There’s more to putting self-driving cars on the road than technology and algorithms. There’s also some very basic thinking that needs to be done as to what autonomous vehicles are and what their implications are. Towards this end, Volkswagen has announced the start of Automated Driving Applications & Technologies for Intelligent Vehicles (AdaptIVe); a 42-month project by a consortium of 29 partners, including ten major automotive manufacturers, aimed at developing more efficient and safer autonomous systems.
The problem with autonomous vehicles is not just that they’re incredibly advanced pieces of hardware, or that they have to operate in the chaotic environment of the streets, they also have to interact with the driver. That wouldn't be much of an issue if it involved a switch that you flip between manual and automatic, but Volkswagen points out that autonomous driving involves several possible stages, plus the swap over point between mainly manual drive and mainly automatic drive. These vary from low-speed chores, such as parking assist, to taking over full control while driving at high speed on the motorway.
According to Volkswagen, the simplest and currently the most widely used stage is assisted driving. This is where the driver retains permanent control over the car with the automated system helping for tasks such as parking or reversing. The next level up is the partly automated stage, where the system monitors the driver and takes over only when needed, such as applying brakes when a pedestrian steps into the road, or preventing a dangerous lane change.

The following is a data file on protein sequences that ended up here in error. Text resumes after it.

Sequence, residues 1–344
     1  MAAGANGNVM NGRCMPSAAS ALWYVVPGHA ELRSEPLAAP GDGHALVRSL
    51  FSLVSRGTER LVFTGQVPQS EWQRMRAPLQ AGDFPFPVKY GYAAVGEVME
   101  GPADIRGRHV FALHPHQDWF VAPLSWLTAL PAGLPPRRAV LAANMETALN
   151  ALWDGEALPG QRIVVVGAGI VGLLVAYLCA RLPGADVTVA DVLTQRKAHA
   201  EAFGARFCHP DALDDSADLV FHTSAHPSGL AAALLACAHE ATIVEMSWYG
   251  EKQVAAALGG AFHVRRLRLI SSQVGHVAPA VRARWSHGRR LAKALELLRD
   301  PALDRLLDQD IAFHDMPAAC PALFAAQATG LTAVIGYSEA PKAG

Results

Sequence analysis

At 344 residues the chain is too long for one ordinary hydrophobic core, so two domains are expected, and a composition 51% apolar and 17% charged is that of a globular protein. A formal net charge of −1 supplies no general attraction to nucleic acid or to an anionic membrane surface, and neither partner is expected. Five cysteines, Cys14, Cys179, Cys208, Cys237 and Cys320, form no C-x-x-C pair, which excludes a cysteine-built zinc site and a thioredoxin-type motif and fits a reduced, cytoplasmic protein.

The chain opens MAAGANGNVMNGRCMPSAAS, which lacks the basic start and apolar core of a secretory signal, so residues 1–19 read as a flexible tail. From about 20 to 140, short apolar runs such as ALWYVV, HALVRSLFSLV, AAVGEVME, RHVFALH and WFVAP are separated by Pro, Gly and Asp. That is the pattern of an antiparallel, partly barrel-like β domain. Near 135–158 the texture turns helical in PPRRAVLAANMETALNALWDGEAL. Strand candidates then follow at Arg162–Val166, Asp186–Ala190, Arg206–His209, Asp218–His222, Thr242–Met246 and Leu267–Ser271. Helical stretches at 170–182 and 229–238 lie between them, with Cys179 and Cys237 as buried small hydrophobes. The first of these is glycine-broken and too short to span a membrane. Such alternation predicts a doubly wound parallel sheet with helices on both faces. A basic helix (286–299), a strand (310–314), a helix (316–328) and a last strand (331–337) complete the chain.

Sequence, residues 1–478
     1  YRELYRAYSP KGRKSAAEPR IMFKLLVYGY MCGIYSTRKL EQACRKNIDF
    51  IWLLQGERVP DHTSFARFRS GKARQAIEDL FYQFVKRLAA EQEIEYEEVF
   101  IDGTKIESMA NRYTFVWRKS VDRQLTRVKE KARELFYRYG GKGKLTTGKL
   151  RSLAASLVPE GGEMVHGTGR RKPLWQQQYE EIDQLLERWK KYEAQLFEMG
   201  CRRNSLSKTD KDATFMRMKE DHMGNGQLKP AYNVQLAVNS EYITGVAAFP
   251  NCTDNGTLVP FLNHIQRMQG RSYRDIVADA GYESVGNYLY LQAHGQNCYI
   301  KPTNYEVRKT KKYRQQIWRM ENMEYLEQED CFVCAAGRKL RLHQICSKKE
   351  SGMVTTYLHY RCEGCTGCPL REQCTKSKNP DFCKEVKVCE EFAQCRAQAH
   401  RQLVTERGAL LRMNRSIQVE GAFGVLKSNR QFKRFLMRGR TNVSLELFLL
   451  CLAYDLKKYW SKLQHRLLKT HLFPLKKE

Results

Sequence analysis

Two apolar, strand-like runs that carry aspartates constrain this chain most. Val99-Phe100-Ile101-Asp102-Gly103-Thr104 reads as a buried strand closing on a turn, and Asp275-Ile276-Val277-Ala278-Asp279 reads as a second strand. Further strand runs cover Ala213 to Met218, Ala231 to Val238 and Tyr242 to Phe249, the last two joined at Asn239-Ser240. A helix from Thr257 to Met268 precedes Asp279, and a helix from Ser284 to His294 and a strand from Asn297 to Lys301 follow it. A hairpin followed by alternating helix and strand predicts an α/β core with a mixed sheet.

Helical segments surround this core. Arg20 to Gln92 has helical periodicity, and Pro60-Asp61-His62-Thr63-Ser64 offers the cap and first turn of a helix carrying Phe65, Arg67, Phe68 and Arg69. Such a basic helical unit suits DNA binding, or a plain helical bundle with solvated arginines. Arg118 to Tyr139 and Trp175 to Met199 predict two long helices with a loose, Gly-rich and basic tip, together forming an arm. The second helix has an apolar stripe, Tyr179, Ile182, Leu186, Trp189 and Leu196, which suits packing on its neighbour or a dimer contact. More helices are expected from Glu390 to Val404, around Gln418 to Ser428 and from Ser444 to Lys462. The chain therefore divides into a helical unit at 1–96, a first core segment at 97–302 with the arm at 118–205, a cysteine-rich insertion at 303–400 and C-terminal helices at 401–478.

In the highly automated stage, the system takes over the actual driving, but the driver still has to remain alert because he has to be ready to reclaim control when requested. Then there’s the highest stage, which it fully automated. In this, the system drives the car and if the driver fails to retake control when requested, the system carries on by itself.
Using seven cars and a lorry, the AdaptIVe project is designed to study the different combinations of these stages. The idea is to work out the best way for the driver and the automated system to interact using advanced sensors and cooperative vehicle technologies. In this way, the system will be able to dynamically react depending on the situation and the autonomous driving stage.
The goals of AdaptIVe are to develop and test new autonomous functions for cars and trucks, investigate partially automated and highly automated driving, and study autonomous driving in cities where close-quarter driving is the norm. In addition, Volkswagen says that the project will look into the legal implications of autonomous systems for both manufacturers and drivers, with a special emphasis on liability and road laws.
"This complex field of research will not only utilize onboard sensors, but also cooperative elements such as vehicle-to-vehicle and vehicle-to-infrastructure communication," says Professor Jürgen Leohold, Executive Director of Volkswagen Group Research. "Therefore, I am glad that most European automotive companies are cooperating in this pre-competitive field to create new solutions for automated driving."